Ideally, I WOULD like to move all the articles to a separate new domain that would focus more on creating a community. If I could do this WITHOUT having my ecommerce site drop like a rock (because the page rank would be lost), then I would. People just don't link enough to my ecommerce pages.

If you have adsense any conversions there?


I don't have adsense on it yet, but might try it out as an experiment, if only to help me understand the mindset of the visitors to those pages.

Marketing Guy




msg:4419589
 5:10 pm on Feb 20, 2012 (gmt 0)

How well are your ecom pages ranking for their targeted terms? Is that traffic converting well enough?

You may have a reasonable balance between the two content areas - the articles encouraging inbound links and social shares and the ecom pages ranking as a result. Just because the window shopping traffic isn't converting doesn't mean it isn't contributing to rankings.

Do you have any data to track if users are buying after multiple visits?

To be honest, my gut instinct in your situation would be not to mess with the SEO side of things and work with the traffic you have already. If your audience is active on social media, then is your content being shared regularly? That can be a good indicator of how your market views the information.

Is there a more subtle route to sales? Perhaps rather than the direct shopping cart integration to article content, what about just a simple offer? Or a PDF download of your content in exchange for data capture or social share?

Moving to the content / community building concept can be a lot of work and you might find that the return from Adsense is pretty low. Depends on the industry though and how high your traffic levels are.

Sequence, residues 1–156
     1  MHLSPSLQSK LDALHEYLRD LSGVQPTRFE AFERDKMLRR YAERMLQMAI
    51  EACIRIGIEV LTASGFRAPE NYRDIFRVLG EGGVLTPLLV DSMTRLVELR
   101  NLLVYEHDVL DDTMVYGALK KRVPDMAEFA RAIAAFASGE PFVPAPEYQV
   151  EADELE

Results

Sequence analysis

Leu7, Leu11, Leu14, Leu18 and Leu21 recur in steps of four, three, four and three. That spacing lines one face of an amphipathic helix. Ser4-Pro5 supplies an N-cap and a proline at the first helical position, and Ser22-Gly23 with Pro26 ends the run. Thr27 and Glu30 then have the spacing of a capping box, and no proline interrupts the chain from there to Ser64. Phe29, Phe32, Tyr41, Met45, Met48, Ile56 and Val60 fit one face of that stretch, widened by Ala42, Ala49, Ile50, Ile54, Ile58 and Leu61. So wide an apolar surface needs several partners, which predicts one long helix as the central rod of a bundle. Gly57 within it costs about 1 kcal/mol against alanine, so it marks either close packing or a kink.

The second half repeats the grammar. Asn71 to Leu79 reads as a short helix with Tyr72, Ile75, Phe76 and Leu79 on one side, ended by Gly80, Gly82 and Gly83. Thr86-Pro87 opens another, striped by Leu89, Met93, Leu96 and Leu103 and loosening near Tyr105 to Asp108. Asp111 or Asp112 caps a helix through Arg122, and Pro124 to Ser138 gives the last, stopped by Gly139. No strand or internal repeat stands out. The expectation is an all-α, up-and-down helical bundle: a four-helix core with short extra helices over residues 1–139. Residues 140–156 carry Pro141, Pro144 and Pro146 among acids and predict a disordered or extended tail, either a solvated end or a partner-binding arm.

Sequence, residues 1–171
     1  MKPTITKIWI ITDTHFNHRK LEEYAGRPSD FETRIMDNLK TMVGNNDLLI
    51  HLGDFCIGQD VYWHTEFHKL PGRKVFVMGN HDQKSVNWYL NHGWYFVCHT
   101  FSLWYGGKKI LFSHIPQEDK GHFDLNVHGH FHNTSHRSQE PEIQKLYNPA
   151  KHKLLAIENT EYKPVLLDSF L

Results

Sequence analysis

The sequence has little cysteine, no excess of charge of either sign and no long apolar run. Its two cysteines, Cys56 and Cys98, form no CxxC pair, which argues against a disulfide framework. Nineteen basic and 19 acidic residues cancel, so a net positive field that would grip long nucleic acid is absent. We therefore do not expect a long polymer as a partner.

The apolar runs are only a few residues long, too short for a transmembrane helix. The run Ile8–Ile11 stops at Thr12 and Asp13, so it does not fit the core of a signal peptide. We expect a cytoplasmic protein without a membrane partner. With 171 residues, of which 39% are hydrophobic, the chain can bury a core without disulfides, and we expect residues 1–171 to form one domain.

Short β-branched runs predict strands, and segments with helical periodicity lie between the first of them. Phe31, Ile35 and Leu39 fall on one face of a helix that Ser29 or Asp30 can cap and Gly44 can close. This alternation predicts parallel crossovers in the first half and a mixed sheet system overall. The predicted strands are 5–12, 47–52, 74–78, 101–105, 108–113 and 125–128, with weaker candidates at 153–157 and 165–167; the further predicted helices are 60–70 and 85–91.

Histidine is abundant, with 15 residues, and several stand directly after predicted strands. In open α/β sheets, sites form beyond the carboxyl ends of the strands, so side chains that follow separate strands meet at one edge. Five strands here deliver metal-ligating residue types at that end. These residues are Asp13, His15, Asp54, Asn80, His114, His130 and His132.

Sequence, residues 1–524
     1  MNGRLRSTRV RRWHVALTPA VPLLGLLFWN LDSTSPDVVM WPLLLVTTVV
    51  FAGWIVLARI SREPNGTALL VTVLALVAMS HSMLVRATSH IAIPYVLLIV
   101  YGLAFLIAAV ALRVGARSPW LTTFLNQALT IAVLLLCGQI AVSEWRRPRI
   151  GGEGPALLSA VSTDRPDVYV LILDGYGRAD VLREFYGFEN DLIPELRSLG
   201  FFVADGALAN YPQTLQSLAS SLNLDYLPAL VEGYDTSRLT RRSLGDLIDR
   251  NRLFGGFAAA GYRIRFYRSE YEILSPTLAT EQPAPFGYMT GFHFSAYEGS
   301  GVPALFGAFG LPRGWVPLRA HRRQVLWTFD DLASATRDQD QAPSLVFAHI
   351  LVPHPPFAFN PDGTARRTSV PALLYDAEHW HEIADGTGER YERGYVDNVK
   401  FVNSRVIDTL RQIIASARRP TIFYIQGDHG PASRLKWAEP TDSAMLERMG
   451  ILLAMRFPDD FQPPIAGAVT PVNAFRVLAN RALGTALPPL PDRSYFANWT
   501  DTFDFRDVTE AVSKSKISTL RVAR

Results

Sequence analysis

netmeg




msg:4419655
 6:58 pm on Feb 20, 2012 (gmt 0)

Personally, I wouldn't do a thing till I nailed down what my conversion problem was. And I would never ever ever put AdSense on an ecommerce site. But that's me. Target and Walmart, at least, disagree with me on the latter.

Planet13




msg:4419673
 7:53 pm on Feb 20, 2012 (gmt 0)

@ Marketing Guy:

How well are your ecom pages ranking for their targeted terms? Is that traffic converting well enough?


Well, they are kind of over the map.

Some terms rank #1, some rank #2 or #3, some pages rank way down (like #40 or below) for their keyword terms, but convert well. Oddly, I don't know why THOSE pages that don't rank so well convert well.

Conversely, some of the high ranking ecommerce pages don't convert very well. I will have to filter through to get the exact metrics for the most popular ecommerce pages, but once I get the conversion rates, I will post them here.

Do you have any data to track if users are buying after multiple visits?


I am looking at google analytics and predominately it is first-day / first time visitors who are buying. We have a tiny percentage who are buying after more than one day / more than one visit, but it is a fraction of 1% of sales.

If your audience is active on social media, then is your content being shared regularly? That can be a good indicator of how your market views the information.


Well, it does get some facebook likes. I am still quite small, but people do seem to give it a significant number of likes considering the traffic levels.

Perhaps rather than the direct shopping cart integration to article content, what about just a simple offer? Or a PDF download of your content in exchange for data capture or social share?


Could you explain a little more about that? If you have any examples, that would be great.

Planet13




msg:4419680
 8:04 pm on Feb 20, 2012 (gmt 0)

@ netmeg: